What social issues found in Gulliver's travels would be considered important in our present day society? What would Swift say about these present day issues?

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Perhaps one of the most contemporary social issues that Jonathan Swift satirizes in Gulliver's Travelsis the status of the highly educated in society and their usefulness in practical life.

In Gulliver's Travels , Swift satirizes the intelligentsia with the island of Laputa, where Gulliver ventures after leaving the giants...

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Perhaps one of the most contemporary social issues that Jonathan Swift satirizes in Gulliver's Travels is the status of the highly educated in society and their usefulness in practical life.

In Gulliver's Travels, Swift satirizes the intelligentsia with the island of Laputa, where Gulliver ventures after leaving the giants of Brobdingnag. The people of Laputa are very smart, but completely unable to function in practical life; while they are wholly concerned with conceptual problems in math, astronomy, and music, they are unable to build houses that don't crumble, design clothing that fits, or even focus on someone else when they are speaking.

This issue of the distance between the society's intelligentsia and real world problems that need to be solved is one that we deal with in the present day. It is apparent, though, from Swift's dislike of the intellectual elite in Gulliver's Travels that he thinks intellectuals are hopelessly far from reality and useless for everyday life.

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When Gulliver comes into contact with the Yahoos of Houyhnhnmland, in Book 4, Swift appears to satirize humanity in general. The implication is that we are "unteachable" and generally lack "civility" because this accurately describes the Yahoos. They are crude brutes who will kill each other rather than share more than enough food to go around, who will fight violently to catch a shiny piece of nothing. This is a pretty accurate description of people from Swift's time, and I think it, in many ways, still fits us today. We, as a species, tend to be pretty set in our ways, looking out for ourselves, and we often fail to treat one another with civility. Despite the fact that, in the United States at least, so much food is thrown away each day, there are many people who do not know where their next meal will come from. Though there is a great deal of wealth in the country, many people are homeless. We don't look out for one another any more than the Yahoos do. Certainly, Gulliver's social critique holds true today.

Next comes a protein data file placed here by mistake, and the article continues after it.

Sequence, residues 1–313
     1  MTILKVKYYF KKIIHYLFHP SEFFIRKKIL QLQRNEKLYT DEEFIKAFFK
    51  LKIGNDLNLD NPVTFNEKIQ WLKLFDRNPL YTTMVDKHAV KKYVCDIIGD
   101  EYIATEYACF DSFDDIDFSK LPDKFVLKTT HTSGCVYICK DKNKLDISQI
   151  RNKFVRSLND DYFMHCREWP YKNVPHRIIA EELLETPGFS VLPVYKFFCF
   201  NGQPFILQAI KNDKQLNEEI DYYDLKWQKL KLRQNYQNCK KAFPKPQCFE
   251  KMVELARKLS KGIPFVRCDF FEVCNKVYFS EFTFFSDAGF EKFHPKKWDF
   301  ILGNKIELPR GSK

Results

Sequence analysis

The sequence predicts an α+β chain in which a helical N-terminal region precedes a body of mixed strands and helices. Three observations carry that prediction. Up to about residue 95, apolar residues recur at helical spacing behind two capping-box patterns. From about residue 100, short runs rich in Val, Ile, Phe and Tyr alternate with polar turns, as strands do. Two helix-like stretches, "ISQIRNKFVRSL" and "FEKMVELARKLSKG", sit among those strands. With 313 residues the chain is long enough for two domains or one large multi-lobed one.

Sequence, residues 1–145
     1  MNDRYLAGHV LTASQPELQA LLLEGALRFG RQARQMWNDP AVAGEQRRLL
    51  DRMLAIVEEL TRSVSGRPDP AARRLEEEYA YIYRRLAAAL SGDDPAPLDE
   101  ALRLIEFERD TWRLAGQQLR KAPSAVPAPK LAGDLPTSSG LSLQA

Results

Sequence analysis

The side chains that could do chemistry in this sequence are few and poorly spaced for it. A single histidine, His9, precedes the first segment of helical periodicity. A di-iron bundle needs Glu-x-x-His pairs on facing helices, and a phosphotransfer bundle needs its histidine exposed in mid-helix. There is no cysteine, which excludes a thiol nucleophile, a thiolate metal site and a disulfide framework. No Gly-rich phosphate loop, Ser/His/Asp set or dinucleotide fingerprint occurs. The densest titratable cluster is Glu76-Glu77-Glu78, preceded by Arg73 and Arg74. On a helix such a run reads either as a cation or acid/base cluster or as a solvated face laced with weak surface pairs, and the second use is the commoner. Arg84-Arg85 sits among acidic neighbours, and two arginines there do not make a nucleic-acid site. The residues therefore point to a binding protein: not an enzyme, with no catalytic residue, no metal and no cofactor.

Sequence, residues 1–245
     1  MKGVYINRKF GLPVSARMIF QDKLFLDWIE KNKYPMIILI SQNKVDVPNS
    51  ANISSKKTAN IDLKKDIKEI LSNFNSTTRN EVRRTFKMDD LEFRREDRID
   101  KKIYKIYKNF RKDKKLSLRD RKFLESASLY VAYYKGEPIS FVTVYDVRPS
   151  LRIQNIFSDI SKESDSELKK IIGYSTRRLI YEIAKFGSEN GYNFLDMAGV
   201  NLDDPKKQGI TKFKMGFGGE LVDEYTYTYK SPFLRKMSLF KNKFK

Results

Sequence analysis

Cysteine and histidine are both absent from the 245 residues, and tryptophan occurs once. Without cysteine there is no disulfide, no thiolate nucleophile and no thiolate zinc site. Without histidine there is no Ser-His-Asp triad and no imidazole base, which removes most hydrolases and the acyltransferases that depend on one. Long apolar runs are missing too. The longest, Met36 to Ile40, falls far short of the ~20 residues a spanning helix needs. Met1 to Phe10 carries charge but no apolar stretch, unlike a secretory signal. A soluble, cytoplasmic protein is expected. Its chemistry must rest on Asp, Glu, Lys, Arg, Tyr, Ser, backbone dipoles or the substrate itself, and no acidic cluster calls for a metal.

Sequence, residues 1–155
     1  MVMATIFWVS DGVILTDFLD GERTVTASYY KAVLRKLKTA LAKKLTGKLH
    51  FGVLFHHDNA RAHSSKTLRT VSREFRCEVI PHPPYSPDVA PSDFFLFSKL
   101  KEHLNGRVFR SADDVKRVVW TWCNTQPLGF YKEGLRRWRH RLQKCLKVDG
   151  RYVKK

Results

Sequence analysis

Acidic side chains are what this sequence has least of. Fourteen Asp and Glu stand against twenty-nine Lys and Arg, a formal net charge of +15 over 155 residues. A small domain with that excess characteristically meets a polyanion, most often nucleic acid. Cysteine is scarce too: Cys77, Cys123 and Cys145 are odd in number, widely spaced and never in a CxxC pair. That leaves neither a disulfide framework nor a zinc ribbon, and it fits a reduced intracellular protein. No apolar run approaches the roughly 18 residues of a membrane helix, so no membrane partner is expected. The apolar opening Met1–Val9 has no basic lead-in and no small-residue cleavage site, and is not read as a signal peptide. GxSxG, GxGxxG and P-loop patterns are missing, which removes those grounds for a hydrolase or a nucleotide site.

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There are a number of political issues that Swift satirizes in Gulliver's Travels that are just as relevant today as they were in his time.  Much of the specific things that he was satirizing, King George, the Spanish, etc., have changed, but many of the principles are still the same.

One of the things that Swift examined critically is the government's role in education.  It mirrors much of the debate over the issue today as it centers around supposed equality that results in practice in much greater inequity and barriers to keep the wealthy and the elite as such and prevent anyone from challenging that dominance.

Swift also spends a great deal of time deriding the corruption and greed of leaders and the way that corrupts what might in fact be a viable political system.  This mirrors much of what is beind discussed frequently today in the United States with the overwhelming majority of the citizenry disapproving of Congress but seemingly unable to change the system in a meaningful way.

Swift also satirizes the feelings of British superiority and the idea that many people have that their own culture is somehow superior and should be adopted over native customs, etc.  Gulliver thinks that the British way is the best but when the other cultures ask obvious and pointed questions about its faults he starts to see how he was deluding himself about its superiority.

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